The important point is to have MCAS not activate at low AoA. That's why high AoA vane signal failure rate is a more important concern.
Airplane design is easy, the difficulty is getting them to fly - Barnes Wallis
 
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SomebodyInTLS
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Re: B737MAX Grounded Worldwide

Mon Apr 22, 2019 3:30 pm

ArgentoSystems wrote:
rheinwaldner wrote:
OldAeroGuy wrote:
And once again, MCAS was not a stall prevention device. The pilot could still stall the MAX with MCAS operating. MCAS was designed to make sure the stall entry stick force did not "lighten" duding the stall entry.

Answer this question: why is it not allowed to lighten during stall entry? What would be the risk if it does lighten? Do you see why many are saying, it is ultimately to prevent stalls?


Was going to ask the same.


I keep making this point and it keeps getting ignored...
"As with most things related to aircraft design, it's all about the trade-offs and much more nuanced than A.net likes to make out."
 
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SomebodyInTLS
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Re: B737MAX Grounded Worldwide

Mon Apr 22, 2019 3:37 pm

OldAeroGuy wrote:
I really am more concerned about the AoA vane failure rate as it has the potential to impact many airplane fault trees and FMEA's.


And I've been saying this since a couple of weeks after the Lion Air crash - during that first thread it became clear that a fault downstream in the avionics looked like the possible failure which triggered everything, and Ethiopian fits the same scenario.
"As with most things related to aircraft design, it's all about the trade-offs and much more nuanced than A.net likes to make out."
 
OldAeroGuy
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Re: B737MAX Grounded Worldwide

Mon Apr 22, 2019 3:42 pm

SomebodyInTLS wrote:
ArgentoSystems wrote:
rheinwaldner wrote:
Answer this question: why is it not allowed to lighten during stall entry? What would be the risk if it does lighten? Do you see why many are saying, it is ultimately to prevent stalls?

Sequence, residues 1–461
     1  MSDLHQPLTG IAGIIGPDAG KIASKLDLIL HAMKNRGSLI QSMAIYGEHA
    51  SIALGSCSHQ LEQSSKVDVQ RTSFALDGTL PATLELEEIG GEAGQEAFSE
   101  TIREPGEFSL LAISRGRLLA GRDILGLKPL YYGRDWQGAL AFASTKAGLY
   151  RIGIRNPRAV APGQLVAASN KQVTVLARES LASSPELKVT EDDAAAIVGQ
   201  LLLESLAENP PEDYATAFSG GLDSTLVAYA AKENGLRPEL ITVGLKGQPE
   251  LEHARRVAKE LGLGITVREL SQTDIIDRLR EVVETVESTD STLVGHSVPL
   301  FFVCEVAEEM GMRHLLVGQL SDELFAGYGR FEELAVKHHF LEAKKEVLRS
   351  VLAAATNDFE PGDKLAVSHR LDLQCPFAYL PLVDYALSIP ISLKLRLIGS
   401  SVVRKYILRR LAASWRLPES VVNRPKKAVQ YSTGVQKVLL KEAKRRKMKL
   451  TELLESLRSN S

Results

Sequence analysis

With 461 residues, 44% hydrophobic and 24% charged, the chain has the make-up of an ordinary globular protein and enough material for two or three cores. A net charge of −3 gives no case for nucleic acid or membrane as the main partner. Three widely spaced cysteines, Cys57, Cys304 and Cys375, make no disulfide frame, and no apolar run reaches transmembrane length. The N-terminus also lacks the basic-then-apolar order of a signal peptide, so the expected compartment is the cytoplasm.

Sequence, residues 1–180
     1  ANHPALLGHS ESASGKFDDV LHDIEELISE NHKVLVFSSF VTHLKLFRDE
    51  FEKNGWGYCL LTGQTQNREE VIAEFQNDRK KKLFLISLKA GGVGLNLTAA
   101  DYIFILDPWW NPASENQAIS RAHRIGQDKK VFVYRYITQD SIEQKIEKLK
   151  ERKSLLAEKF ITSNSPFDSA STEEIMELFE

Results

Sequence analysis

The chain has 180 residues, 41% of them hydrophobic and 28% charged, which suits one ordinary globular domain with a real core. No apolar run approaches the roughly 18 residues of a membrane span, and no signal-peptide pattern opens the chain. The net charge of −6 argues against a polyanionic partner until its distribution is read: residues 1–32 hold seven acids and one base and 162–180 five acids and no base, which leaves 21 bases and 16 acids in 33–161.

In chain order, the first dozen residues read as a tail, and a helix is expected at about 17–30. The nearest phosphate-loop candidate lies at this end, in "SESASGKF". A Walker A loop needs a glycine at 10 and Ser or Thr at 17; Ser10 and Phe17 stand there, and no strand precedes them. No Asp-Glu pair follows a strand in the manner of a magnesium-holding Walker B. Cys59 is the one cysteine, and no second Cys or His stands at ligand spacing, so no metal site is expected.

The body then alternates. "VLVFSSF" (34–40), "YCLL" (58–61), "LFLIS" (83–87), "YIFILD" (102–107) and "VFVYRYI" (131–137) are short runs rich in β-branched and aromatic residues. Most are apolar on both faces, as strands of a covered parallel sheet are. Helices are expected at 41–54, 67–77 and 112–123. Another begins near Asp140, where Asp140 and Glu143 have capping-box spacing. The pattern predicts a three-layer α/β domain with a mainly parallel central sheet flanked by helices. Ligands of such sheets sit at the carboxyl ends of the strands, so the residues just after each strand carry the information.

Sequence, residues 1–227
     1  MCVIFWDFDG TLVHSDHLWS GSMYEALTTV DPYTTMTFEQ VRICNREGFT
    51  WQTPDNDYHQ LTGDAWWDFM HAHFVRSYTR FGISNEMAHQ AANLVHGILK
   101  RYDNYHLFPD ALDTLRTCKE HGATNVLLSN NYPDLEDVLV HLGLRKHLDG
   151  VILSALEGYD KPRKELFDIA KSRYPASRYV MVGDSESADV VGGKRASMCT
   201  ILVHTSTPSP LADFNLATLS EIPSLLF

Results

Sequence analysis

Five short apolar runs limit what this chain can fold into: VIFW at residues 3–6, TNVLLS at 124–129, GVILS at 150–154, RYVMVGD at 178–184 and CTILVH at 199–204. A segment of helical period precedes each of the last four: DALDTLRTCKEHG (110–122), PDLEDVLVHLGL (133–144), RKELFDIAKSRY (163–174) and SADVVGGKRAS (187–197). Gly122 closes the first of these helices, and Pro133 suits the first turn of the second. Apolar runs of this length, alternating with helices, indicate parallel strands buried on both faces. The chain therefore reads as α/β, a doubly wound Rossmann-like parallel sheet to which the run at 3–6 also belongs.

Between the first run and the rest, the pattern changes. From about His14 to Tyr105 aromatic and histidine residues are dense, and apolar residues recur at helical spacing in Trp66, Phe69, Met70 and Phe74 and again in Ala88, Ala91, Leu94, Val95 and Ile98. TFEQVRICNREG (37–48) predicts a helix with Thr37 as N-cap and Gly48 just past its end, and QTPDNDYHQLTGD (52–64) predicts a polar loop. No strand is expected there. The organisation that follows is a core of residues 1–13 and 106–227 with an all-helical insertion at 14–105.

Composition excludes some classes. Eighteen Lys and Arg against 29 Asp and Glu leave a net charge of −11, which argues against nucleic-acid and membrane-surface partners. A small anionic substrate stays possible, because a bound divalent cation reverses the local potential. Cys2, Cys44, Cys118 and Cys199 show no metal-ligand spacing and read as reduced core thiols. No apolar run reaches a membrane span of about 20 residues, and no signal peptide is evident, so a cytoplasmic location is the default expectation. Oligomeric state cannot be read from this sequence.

Was going to ask the same.


I keep making this point and it keeps getting ignored...


ArgentoSystems and SomebodyinTLS, I hope you've read my Reply #5800.
Airplane design is easy, the difficulty is getting them to fly - Barnes Wallis
 
ArgentoSystems
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Re: B737MAX Grounded Worldwide

Mon Apr 22, 2019 3:47 pm

OldAeroGuy wrote:
By eliminating "stick lightening", MCAS makes inadvertent stalls less likely as required by certification regulations.

As I said above, MCAS is not a stall prevention device since the pilot can still stall the airplane with MCAS in operation.

LOL. Are you listening to yourself? It is like saying that collision avoidance system on my Subaru (that brakes automatically if I'm heading for an obstacle) is not really a collision avoidance system because I still can make a collision while driving this vehicle. Even when the system is activated.

Your statement does not make much sense.

The keyword here is inadvertent. Obviously MCAS won't work against deliberate attempt to stall, same as my CAS won't work against deliberate attempt to crash a vehicle. But that does not change the purpose of the system. If you deny that, you have to admit that MCAS serves no purpose whatsoever.
Last edited by ArgentoSystems on Mon Apr 22, 2019 3:53 pm, edited 3 times in total.
 
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Francoflier
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Re: B737MAX Grounded Worldwide

Mon Apr 22, 2019 3:48 pm

OldAeroGuy wrote:
The important point is to have MCAS not activate at low AoA. That's why high AoA vane signal failure rate is a more important concern.


I disagree.

Aircraft systems, especially those that directly impact the airplane's flight controls and trajectory, are meant to be fault tolerant, usually multiple-fault tolerant.

High AoA failure rate is obviously not good, but zero failure rate is simply unachievable. The systems that depend on that signal should be able to tolerate that failure without adversely affecting the airplane's flight path. This is airplane design 101, and whoever came up with MCAS failed that class hard...

...either that or they were under immense pressure to push that thing through.

That being said, as mentioned above, there is still no conclusive proof that the faulty AoA signal was coming from the probe itself. There might still be an issue laying deeper in the air data system.
I'll do my own airline. With Blackjack. And hookers. In fact, forget the airline.
 
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zeke
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Re: B737MAX Grounded Worldwide